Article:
1. annaverity:

Guess there’s really something to that whole, Movies with female leads don’t do well schtick.

    annaverity:

    Guess there’s really something to that whole, Movies with female leads don’t do well schtick.

  2. There are so many writers of color out there, and often what they get when they bring their books to their editors, they say, ‘We don’t relate to the character.’ Well it’s not for you to relate to! And why can’t you expand yourself so you can relate to the humanity of a character as opposed to the color of what they are?

    — Anika Noni Rose in Vanity Fair, via this excellent Buzzfeed article on diversity in publishing. (via leeandlow)

  3. BLACK WIDOW #8
NATHAN EDMONDSON (W) • PHIL NOTO (A/C)• On a snowy night in Prague, Natasha must fight her way out of disaster alongside the WINTER SOLDIER!• Meanwhile, Isaiah has business of his own in London, but a simple plan gets complicated.• Nathan Edmonson and Phil Noto continue their uninterrupted run on one of the most acclaimed books of the year.

    BLACK WIDOW #8
    NATHAN EDMONDSON (W) • PHIL NOTO (A/C)
    • On a snowy night in Prague, Natasha must fight her way out of disaster alongside the WINTER SOLDIER!
    • Meanwhile, Isaiah has business of his own in London, but a simple plan gets complicated.
    • Nathan Edmonson and Phil Noto continue their uninterrupted run on one of the most acclaimed books of the year.

  4. bevismusson:

    euo:

    myintrovertedmind:

    « The Real Africa : Fight The Stereotype » by Thiri Mariah Boucher

    P.R.E.A.C.H.

    YAS

    Lovely.

    Bloody wish someone had ironed the flags before taking the photos though.

  5. marvel1980s:

Indiana Jones by John Byrne 1981.

    marvel1980s:

    Indiana Jones by John Byrne 1981.

  6. Archie #251, March 1976

    Archie #251, March 1976

  7. hideback:

    Bernard McMahon

    American, 1930’s

  8. Magik
    Art by : Jake Wyatt - Art Adams - Anjin Anhunt - Eric Canete - Jorge Molina -Frazer IrvingJennyson Allan Borlongan Rosero - Chris Bachalo

    (Source: xcyclopswasrightx)

  9. thechronologicalsuperman:

Superman vol.1 #23 - Cover date July-August 1943
Behind a cover depicting an enraged Superman descending upon the terrified crew of a super-imperiled Nazi submarine, this issue chooses to ask the question “Is Superman needed for the war?” Possibly not – his loss to an American armed forces unit during maneuvers seems to indicate that the Allies are in good hands, thanks to our boys serving over there – but he sure is good for putting the fear of a living god into the Axis.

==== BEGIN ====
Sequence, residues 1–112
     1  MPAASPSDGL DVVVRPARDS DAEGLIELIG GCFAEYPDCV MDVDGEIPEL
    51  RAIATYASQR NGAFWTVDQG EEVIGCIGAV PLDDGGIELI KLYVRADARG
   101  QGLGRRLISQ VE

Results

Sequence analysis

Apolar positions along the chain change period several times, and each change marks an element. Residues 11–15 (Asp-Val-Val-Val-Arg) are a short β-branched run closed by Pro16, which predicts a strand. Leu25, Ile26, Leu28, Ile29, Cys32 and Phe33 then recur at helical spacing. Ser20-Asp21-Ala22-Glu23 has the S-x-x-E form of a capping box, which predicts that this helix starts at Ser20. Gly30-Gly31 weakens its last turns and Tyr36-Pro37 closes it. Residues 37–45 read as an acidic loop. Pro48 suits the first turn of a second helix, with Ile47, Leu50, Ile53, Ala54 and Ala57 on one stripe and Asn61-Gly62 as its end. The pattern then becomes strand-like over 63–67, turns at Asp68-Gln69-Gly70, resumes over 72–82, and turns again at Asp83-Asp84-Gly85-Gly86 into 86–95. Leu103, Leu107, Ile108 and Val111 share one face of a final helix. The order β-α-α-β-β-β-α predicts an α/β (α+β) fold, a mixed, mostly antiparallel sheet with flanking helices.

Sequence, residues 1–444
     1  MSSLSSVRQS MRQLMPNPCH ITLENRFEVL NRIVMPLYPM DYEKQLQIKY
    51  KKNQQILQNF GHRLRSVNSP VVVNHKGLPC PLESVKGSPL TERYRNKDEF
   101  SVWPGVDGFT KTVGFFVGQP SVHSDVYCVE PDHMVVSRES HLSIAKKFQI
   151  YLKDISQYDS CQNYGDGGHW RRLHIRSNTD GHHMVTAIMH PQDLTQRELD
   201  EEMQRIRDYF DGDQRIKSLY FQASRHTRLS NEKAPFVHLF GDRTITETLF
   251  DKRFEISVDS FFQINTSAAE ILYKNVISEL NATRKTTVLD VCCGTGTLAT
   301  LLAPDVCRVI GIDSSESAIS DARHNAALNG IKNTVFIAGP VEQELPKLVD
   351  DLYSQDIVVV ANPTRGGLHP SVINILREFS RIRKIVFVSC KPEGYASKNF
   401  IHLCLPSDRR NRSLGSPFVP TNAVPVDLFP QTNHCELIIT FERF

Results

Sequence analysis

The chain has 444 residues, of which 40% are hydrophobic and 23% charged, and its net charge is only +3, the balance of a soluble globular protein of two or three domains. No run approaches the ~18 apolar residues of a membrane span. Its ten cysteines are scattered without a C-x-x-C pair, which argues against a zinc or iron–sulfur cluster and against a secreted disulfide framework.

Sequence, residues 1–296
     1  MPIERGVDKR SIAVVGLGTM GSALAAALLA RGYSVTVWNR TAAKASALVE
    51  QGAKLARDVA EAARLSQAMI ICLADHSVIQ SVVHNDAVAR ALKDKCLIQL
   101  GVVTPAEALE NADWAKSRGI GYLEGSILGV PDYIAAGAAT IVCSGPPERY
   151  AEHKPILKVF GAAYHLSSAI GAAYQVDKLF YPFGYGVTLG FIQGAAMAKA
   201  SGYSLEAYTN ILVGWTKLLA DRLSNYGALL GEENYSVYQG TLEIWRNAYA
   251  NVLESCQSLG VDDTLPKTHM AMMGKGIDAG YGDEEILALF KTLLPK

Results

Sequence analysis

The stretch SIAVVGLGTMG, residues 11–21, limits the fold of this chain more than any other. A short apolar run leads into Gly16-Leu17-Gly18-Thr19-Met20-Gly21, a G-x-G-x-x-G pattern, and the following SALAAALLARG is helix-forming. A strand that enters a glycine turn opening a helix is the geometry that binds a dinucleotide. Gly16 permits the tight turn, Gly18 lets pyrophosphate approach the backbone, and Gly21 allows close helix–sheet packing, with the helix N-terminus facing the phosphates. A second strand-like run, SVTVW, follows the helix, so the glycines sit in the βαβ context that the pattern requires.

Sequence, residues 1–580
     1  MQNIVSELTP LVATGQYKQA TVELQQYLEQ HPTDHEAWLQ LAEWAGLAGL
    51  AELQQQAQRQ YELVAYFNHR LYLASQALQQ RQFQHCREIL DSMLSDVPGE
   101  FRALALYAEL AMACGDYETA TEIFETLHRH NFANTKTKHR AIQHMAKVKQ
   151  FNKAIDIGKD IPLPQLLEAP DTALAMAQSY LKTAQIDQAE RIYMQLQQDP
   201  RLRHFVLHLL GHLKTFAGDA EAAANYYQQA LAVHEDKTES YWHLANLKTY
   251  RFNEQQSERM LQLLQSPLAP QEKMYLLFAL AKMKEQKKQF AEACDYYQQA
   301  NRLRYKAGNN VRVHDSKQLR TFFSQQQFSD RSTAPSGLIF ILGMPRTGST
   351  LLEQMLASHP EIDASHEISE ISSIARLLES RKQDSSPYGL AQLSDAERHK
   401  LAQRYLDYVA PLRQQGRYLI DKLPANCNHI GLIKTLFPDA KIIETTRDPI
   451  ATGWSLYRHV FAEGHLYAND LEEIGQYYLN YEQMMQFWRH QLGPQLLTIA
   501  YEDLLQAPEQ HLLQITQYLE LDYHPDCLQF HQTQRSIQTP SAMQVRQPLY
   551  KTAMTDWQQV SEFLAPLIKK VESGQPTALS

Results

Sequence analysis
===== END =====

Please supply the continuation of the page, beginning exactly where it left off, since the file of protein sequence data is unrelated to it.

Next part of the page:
Elsewhere in the same issue, Superman becomes involved in stopping the murderous rampage of a college professor deranged by jealousy, then is pitted against a fashion-world neer-do-well operating under top hat, tuxedo and the amusing nom-du-crime of The Dude.
Lastly, Clark and Lois take in a baseball game where Superman makes repeated appearances. It’s one of those entertaining stories where Clark and Superman must dash about under any number of pretenses to keep Lois’ scrutiny from exposing his increasingly flimsy dual identity.

    thechronologicalsuperman:

    Superman vol.1 #23 - Cover date July-August 1943

    Behind a cover depicting an enraged Superman descending upon the terrified crew of a super-imperiled Nazi submarine, this issue chooses to ask the question “Is Superman needed for the war?” Possibly not – his loss to an American armed forces unit during maneuvers seems to indicate that the Allies are in good hands, thanks to our boys serving over there – but he sure is good for putting the fear of a living god into the Axis.

    Elsewhere in the same issue, Superman becomes involved in stopping the murderous rampage of a college professor deranged by jealousy, then is pitted against a fashion-world neer-do-well operating under top hat, tuxedo and the amusing nom-du-crime of The Dude.